Margarita Pinkos, the director of the office of English-language acquisition for the U.S. Department of Education, has resigned from her post effective this Friday, according to a department spokeswoman. She became the acting director of that office when Kathleen Leos resigned as director at the end of October. She was named the director in December. In an e-mail message, the department spokeswoman said Ms. Pinkos resigned from her post "to return to Florida to be with her family." Starting on Monday, May 26, Richard L. Smith will become the acting director of the office of English-language acquisition. He's been ...


A new book, Formative Assessment for Literacy: Grades K-6, provides some help for regular elementary or reading teachers who have ELLs in their classrooms. The book, published by Corwin Press, isn't about ELLs in particular, but includes them in various examples. In the field of commercial test development, banks of test items or tests that can be given periodically are called "formative assessments." But in the book, the term "formative assessment" does not necessarily refer to a specific formal assessment. The authors include under that umbrella assessments with different degrees of spontaneity, such as observations by teachers and conversations they ...


Grand Island, Neb., Greeley, Colo., New Bedford, Mass.--and now Postville, Iowa. These are all communities where school officials have spontaneously had to figure out how to ensure that children didn't go home to empty homes when their parents were arrested in immigration raids. Yesterday, I attending a hearing on Capitol Hill in which a subcommittee of the House Education and Labor Committee looked at the impact of such raids on children. In an article posted at edweek.org, I report on how Rep. Lynn Woolsey, a Democrat from California, is urging Congress to pass legislation that would put more ...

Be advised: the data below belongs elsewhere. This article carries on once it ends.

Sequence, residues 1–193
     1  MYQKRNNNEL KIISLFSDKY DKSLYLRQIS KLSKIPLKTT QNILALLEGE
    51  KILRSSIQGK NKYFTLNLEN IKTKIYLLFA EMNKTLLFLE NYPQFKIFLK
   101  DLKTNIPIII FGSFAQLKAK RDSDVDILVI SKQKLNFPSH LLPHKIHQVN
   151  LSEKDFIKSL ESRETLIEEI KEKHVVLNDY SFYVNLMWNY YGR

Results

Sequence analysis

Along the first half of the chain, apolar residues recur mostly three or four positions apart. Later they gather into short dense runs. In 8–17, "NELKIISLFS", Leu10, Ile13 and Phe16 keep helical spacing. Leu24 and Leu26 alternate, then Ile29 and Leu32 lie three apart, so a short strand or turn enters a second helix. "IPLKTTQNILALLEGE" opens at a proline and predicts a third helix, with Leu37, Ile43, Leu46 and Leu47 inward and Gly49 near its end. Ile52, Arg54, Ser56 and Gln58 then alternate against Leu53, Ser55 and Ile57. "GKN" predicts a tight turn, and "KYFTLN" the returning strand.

Ever since I wrote about a school operated by the Miami-Dade school district at a detention center for unaccompanied minors who are immigrants, I've been interested in the quality of education that immigrant children receive while in detention. The alleged lack of adequate schooling for children was part of a lawsuit filed by the American Civil Liberties Union in March 2007 against the U.S. Department of Homeland Security concerning the operation of the T. Don Hutto detention center in Taylor, Texas, where immigrant families are housed. In a settlement, the federal government agreed to make improvements in education there, ...


Earlier this month I reported on how a legislative audit in Kansas found that many mainstream teachers in that state felt unprepared to teach English-language learners. It seems that teachers of English as a second language or bilingual education in Idaho think their mainstream colleagues aren't well-prepared either to teach ELLs, according to findings from a survey, "Teachers' Perceptions of ELL Education," published in Multicultural Education. (I picked this up from TESOL in the News.) The Kansas audit surveyed mainstream teachers in their second or third year of teaching. By contrast, the Idaho findings, researched by Ellen G. Batt, of ...


North Carolina's system of community colleges is the first statewide system to announce it won't admit undocumented immigrants, even if the students can come up with the money for tuition, according to a May 15 article in the Charlotte Observer, which I found over at hispanictips.com. It's been my experience in talking with school people that undocumented students tend to choose community colleges over other kinds of colleges and universities because they are affordable—and many undocumented students come from low-income families. So it seems North Carolina education officials are closing off one of the most viable options for ...